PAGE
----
Having run our artisan gluten free bakery for 25 years, we have accrued a decent amount experience working with gluten free ingredients, recipes and delicious wheat free cakes. More recently we’ve also extended our cake range to include vegan, dairy free and soy free options by learning how to adapt conventional recipes into plant based versions. Here, we happily share what we have learnt.
During this journey we’ve become really engaged with all things vegan. Chatting to our vegan customers has given us an insight into some of the issues arising from “going plant based” and ditching all animal derived products. We start with taking a look at veganism in the UK and how it has developed as a movement. We’ll also delve into the world of processed foods, health claims and conclude with links to fab vegan tips and recipes.
How did Veganuary start?
Veganuary was founded in the UK back in 2014 by Jane Land and her husband.
According to Land, “It seems so surreal to think that something we started in our kitchen has turned into this phenomenon.”
The initiative was started in a bid to encourage more people to try a vegan diet out in January when thoughts naturally turn to healthier lifestyle habits. From 12,800 people initially participating, 629,000 took part in 2022. “From acorns mighty oaks do grow…”
Is veganism now mainstream in the UK?
Veganism used to be regarded as a fringe, “hippy” movement with no food offerings on the High Street. Instead your best bet would be to seek out health food shops for niche brands or make your own food. Eating out was well nigh impossible.
The exception was certain festivals and one-off independents. For example, I remember my excitement at first going to Glastonbury Festival (back in 1991) and discovering everything from gorgeous bean and veggie burgers to mind blowingly delicious dairy free, plant based wedges of chocolate cake. Festivals aside, the vegan options in mainstream cafes and restaurants were simply not there – at all.
Fast forward to this month and the news stations were all over a story about Edinburgh becoming a meat free and vegan friendly city. Quoting Judith Duffy writing in The National, “Councillors have endorsed the Plant Based Treaty, which aims to promote a shift to healthier, sustainable diets based on less consumption of meat and dairy products”.
Certainly, from our perspective as a commercial bakery, we are frequently now asked by larger brands to focus solely on vegan and gluten free cakes when developing new products. Our buyers, from Waitrose to farms shops are seeking ‘Holy Grail’ food products that can be offered as a vegan and gluten free option on the menu but are tasty enough to appeal to all.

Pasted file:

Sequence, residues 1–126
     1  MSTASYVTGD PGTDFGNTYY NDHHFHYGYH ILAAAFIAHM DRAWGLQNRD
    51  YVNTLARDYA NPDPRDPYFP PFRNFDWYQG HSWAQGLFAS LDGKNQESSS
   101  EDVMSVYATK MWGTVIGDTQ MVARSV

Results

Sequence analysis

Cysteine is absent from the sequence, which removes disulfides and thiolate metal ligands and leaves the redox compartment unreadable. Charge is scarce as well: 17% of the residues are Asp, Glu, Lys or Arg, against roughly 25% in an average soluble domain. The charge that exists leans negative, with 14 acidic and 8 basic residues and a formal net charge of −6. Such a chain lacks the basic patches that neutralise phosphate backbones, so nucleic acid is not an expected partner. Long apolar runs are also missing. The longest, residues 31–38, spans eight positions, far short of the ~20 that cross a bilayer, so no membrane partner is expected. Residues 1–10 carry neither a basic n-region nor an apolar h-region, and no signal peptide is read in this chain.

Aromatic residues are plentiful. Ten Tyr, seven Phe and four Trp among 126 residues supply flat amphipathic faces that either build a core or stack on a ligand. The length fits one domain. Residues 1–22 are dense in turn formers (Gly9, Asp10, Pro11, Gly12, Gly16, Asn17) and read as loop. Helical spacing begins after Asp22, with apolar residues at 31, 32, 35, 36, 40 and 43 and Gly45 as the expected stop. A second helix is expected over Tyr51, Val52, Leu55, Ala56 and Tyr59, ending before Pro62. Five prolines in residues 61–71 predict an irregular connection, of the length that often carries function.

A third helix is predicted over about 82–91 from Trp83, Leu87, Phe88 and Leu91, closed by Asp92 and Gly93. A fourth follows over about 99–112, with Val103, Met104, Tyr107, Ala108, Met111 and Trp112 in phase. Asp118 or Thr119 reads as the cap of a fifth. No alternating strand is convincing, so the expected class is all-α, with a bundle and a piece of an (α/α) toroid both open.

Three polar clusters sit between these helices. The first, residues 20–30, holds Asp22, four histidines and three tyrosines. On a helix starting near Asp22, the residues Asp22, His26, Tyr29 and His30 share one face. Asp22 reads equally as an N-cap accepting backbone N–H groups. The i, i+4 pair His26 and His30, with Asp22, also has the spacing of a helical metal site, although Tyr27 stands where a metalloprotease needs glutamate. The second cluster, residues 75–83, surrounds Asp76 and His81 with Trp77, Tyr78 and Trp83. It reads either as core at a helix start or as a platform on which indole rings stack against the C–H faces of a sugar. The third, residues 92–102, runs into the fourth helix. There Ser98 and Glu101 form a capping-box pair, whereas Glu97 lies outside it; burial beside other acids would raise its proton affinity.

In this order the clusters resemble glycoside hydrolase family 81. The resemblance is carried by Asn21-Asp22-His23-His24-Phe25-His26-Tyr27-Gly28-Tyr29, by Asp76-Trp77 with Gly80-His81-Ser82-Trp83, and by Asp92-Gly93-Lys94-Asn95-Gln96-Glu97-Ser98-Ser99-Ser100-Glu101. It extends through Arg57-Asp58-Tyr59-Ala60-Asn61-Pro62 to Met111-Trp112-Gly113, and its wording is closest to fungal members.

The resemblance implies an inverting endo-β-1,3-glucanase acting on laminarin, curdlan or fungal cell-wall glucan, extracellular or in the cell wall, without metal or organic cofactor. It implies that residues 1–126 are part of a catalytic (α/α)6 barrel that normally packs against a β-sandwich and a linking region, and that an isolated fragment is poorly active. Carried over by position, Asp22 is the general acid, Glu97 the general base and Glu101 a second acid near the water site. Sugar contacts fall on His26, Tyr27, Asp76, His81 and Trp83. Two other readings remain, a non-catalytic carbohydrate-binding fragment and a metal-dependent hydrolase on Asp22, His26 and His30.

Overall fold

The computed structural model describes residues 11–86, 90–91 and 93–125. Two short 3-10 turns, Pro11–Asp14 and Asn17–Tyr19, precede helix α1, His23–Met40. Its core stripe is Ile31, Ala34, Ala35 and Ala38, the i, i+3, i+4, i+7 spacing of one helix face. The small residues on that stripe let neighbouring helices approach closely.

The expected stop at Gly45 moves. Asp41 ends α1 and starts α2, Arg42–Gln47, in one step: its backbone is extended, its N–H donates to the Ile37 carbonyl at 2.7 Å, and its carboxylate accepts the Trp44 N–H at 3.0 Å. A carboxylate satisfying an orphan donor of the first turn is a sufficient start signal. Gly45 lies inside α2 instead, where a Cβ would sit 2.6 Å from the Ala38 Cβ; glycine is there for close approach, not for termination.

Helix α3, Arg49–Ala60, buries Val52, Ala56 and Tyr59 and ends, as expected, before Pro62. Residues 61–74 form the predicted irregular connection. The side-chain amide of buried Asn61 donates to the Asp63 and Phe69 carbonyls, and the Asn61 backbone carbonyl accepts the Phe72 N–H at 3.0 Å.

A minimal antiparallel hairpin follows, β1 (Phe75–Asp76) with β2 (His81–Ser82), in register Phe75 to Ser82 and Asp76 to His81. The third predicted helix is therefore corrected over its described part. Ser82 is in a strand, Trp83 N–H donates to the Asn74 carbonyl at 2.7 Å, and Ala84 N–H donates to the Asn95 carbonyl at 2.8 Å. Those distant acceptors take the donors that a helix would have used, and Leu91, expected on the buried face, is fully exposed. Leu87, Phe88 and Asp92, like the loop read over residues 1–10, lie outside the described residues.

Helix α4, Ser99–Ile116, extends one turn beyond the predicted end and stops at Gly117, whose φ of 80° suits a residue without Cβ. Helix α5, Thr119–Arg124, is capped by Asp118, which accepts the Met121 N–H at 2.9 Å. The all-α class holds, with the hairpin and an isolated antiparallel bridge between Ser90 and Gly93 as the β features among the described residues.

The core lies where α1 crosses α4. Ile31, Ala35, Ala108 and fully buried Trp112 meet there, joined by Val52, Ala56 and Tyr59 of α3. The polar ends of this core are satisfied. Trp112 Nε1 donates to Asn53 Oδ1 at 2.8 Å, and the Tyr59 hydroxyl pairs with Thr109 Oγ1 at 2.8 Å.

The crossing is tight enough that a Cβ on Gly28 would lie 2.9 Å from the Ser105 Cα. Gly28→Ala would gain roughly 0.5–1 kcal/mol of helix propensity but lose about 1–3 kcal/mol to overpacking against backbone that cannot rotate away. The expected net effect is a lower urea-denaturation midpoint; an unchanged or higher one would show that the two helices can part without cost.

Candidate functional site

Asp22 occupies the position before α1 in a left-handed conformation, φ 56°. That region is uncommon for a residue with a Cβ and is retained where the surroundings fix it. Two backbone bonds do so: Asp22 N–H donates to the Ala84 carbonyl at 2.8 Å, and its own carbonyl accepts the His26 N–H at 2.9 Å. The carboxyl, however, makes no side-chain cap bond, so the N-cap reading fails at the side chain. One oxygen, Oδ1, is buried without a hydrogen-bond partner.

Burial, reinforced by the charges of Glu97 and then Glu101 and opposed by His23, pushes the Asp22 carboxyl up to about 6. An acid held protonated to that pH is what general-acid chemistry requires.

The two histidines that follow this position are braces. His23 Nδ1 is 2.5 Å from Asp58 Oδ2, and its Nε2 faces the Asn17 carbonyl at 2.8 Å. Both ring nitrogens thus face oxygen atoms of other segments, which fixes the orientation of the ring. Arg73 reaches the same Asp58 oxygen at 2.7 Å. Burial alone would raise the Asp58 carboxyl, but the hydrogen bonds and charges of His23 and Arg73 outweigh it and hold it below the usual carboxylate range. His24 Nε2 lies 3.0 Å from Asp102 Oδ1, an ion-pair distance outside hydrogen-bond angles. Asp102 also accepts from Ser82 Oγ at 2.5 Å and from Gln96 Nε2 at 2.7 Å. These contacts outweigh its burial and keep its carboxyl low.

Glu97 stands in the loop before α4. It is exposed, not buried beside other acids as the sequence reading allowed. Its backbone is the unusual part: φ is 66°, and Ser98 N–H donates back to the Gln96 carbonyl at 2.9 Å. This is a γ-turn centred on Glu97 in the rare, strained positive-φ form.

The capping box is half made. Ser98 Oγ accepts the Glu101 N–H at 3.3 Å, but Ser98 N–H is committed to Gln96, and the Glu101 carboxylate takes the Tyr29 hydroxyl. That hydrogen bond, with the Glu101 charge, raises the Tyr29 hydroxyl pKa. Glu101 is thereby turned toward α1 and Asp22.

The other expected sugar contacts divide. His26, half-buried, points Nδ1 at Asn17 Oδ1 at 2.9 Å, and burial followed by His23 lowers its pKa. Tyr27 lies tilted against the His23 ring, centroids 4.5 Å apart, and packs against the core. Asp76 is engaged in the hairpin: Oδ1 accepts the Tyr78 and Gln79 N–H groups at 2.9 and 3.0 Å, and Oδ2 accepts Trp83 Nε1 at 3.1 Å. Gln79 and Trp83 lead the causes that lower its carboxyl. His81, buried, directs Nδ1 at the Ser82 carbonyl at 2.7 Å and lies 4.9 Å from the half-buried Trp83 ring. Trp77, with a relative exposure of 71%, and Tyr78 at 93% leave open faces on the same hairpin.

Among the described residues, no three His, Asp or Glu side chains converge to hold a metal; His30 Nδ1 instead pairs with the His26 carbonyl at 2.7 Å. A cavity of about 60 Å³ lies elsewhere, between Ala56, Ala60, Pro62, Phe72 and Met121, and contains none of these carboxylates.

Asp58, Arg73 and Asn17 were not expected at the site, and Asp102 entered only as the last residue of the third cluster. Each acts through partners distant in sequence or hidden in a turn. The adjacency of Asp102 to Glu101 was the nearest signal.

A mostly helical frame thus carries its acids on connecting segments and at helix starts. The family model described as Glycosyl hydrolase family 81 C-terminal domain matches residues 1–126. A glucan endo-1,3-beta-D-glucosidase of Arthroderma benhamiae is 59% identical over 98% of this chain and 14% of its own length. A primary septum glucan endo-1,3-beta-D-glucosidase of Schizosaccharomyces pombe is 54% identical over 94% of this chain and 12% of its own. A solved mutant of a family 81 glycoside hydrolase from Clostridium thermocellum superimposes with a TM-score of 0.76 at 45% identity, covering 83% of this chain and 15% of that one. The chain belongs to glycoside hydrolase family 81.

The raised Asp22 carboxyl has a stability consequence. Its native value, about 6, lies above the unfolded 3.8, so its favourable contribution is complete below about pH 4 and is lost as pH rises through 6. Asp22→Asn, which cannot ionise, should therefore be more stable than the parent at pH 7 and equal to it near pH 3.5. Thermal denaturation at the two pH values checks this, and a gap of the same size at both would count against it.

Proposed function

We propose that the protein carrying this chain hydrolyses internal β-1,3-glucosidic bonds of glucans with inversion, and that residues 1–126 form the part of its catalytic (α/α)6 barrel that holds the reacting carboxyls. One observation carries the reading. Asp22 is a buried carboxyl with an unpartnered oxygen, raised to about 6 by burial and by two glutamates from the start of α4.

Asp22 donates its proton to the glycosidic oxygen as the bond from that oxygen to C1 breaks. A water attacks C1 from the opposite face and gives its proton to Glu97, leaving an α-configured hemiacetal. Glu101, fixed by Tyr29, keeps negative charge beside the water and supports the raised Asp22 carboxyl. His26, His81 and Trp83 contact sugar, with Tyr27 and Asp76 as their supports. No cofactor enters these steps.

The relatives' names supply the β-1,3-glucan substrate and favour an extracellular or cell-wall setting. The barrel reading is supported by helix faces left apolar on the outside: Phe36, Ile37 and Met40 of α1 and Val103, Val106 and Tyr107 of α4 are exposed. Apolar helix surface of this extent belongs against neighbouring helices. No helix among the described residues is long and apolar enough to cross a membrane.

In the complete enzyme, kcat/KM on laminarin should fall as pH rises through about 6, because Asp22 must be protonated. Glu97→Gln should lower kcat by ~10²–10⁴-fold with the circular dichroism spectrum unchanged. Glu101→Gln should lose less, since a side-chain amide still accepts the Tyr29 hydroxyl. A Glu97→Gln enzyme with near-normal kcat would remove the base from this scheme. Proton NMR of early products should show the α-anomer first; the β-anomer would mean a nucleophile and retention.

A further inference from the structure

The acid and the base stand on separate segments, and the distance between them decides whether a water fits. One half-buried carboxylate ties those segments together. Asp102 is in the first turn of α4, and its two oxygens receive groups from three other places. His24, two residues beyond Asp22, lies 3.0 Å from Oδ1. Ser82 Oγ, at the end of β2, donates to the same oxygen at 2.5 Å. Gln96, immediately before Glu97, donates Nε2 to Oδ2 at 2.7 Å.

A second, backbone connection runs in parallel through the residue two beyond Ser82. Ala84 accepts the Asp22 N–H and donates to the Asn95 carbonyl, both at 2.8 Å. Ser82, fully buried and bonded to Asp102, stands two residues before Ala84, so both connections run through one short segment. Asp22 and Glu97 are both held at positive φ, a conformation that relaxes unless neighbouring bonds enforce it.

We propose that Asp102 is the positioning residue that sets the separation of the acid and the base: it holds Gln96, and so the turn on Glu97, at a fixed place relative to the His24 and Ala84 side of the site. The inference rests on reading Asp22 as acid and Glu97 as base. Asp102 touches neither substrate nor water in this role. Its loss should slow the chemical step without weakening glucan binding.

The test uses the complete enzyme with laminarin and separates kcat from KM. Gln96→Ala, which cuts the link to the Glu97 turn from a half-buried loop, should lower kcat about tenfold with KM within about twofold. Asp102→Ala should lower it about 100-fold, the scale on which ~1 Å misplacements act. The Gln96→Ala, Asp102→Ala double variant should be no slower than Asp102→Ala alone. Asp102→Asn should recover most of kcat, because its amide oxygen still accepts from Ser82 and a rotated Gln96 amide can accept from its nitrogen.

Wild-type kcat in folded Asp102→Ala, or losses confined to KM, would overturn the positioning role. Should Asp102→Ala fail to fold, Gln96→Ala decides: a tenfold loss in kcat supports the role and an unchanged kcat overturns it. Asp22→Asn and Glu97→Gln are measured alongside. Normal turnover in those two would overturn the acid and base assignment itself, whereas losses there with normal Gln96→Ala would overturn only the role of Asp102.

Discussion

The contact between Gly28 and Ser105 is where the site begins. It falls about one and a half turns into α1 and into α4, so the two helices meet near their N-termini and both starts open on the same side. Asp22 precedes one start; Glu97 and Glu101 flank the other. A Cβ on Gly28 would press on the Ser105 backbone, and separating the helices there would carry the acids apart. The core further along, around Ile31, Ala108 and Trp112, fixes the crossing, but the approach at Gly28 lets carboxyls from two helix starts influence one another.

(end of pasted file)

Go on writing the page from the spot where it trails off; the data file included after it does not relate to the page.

This shift to vegan is quite ironic given that when we moved the bakery to Dorset back in 2002 we found ourselves in a dairy farming heartland. The bakery is itself a renovated milking parlour and our chief ingredient in those days was butter.
We, like many other food producers, have had to adapt to survive and most importantly ensure that adapted recipes taste every bit as delicious as regular cakes.
Why Should I go vegan?
Three of the most popular reasons for adopting a vegan diet are:
- Perceived health benefits
- Environmental considerations
- Animal welfare reasons.
We are going to focus just on the health aspects of the vegan diet. The environmental and animal issues warrant their own deep dive blogs – look out for further future blogs on these.
Is it healthier to eat a vegan diet?
Let’s take a closer look at some health benefits, both perceived and proven.
There is a veritable smorgasbord of health claims to be found after googling “Is vegan food healthier for me?” which can sound too good to be true. For instance PETA’s website states there are 7 clear health benefits including,
“Eating vegan helps reduce our risk of suffering from cancer and other diseases.”
After reading many articles surrounding this particular cancer claim it clearly depends on which studies you look at and whether considerations such as vegans leading healthier lives generally have been accounted for. Vegans as a cohort tend to drink less alcohol, exercise more and smoke less, each of which are proven risk factors for developing many types of cancer.
Therefore, it may be wise to treat such bold claims about the healthiness of a vegan diet with a degree of caution and do your own research. Contradictions abound. For instance, there is plenty of peer reviewed research about the deficiency of vitamin B12 in the vegan diet, which in turn has been linked to a small uptick in strokes and mini strokes. On the other hand, cardiovascular health amongst vegans has been found to be stronger in terms of heart disease and heart attacks compared to the general population.